• Andrew says:

        Fair point and I agree that the jazz will improve but does that really equate to them winning more then 1 out of every 3 games? Last year the 5th worst team in the league had a winning percentage of .329. I figure we will really start to see the improvement in January when trey has some time to gel with the other starters and at the point it will be too late.

  2. carlo says:

    yeah, Boston game was terrible. It’s to early to say for sure we will or will not be in top five pick, but teams like PHI PHX ORL start well , so for now it looks like we and Boston will be in top 3.

  3. Clint Johnson says:

    Vegas odds put the Jazz over/under at 25.5 wins before the season started. Since that time, two of the three teams expected to win even fewer games have winning records (Phoenix and Philadelphia), while Orlando has three wins out of seven. The Suns and Sixers have clear styles that fit their personnel. Two of these three teams play in the weaker eastern conference, while it’s hard to see the Suns being a truly bad team as long as they keep Eric Bledsoe. Then add in the Jazz going 0-7…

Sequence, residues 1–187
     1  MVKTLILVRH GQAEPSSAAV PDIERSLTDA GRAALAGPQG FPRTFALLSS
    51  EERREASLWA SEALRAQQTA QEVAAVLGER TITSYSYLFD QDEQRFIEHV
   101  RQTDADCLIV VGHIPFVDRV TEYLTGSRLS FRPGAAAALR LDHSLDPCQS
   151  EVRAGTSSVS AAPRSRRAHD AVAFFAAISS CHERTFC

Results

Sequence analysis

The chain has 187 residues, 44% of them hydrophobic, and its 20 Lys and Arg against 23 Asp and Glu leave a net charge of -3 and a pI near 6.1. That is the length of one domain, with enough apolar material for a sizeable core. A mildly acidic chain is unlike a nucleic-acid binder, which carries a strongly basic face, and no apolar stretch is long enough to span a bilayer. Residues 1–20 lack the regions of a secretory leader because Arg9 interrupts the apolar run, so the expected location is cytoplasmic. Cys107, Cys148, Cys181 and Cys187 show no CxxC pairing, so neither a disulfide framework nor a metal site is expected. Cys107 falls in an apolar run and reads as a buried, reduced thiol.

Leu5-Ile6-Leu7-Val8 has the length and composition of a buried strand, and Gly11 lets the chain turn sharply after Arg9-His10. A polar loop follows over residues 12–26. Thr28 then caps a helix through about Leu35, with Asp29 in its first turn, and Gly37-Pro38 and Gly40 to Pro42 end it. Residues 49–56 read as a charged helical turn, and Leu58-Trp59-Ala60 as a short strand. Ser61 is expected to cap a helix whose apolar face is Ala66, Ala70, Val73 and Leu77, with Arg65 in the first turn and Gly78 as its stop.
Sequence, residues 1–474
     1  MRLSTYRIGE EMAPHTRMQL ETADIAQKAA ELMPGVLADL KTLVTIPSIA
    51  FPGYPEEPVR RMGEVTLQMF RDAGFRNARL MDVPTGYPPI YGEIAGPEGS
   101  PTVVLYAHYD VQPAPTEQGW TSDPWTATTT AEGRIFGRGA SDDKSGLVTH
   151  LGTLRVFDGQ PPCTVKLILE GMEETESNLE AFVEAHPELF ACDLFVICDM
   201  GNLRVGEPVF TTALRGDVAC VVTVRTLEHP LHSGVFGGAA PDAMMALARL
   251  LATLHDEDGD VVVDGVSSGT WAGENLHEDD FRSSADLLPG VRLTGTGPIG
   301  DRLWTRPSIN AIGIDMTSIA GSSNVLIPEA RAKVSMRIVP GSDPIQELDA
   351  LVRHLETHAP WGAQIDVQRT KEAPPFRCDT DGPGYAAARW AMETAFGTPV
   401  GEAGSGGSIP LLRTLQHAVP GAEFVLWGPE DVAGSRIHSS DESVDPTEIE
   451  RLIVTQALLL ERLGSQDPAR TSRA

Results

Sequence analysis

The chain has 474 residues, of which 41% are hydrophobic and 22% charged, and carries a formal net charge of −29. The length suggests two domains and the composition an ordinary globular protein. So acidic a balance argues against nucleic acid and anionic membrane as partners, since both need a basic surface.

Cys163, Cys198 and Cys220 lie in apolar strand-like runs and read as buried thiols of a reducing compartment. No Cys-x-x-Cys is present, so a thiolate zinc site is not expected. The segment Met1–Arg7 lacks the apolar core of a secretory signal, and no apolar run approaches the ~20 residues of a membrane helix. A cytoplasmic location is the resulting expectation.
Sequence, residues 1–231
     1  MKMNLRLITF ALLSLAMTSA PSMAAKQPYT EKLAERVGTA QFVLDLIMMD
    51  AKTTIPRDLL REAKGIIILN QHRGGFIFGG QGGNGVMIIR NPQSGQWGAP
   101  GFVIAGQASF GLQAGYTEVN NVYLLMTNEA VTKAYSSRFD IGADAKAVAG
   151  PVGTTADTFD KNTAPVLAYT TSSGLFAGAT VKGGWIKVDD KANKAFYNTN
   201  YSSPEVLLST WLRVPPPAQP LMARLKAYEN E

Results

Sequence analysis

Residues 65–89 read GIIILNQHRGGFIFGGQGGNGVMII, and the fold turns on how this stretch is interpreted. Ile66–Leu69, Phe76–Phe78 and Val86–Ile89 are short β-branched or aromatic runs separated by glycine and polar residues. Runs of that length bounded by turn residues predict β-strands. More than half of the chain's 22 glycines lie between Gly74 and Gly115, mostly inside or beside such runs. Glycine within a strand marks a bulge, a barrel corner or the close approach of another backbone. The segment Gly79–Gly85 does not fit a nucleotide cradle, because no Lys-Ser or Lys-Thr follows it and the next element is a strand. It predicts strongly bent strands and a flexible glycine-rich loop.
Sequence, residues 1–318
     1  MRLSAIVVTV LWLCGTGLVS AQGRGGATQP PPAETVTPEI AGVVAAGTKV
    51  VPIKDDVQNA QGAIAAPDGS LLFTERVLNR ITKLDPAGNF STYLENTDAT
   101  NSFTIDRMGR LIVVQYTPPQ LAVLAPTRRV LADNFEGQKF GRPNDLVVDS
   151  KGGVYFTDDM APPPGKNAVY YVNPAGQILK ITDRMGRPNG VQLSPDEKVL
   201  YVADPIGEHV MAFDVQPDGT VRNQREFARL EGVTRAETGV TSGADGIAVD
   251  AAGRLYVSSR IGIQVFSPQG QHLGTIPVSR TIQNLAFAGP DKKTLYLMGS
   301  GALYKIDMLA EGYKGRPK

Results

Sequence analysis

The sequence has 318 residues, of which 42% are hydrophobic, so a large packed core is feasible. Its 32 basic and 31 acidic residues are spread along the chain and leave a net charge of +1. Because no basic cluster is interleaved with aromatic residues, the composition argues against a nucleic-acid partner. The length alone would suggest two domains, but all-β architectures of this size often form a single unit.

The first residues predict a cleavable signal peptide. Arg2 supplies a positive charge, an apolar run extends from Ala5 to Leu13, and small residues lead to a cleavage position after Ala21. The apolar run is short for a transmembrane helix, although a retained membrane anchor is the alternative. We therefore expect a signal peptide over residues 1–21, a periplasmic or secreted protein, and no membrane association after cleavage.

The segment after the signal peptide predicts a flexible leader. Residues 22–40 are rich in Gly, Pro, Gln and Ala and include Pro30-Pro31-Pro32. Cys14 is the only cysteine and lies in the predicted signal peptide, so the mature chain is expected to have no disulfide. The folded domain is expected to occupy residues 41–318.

The Jazz started the season as odds on for being in the top three in the draft, and the start to the season has, if anything, increased that probability.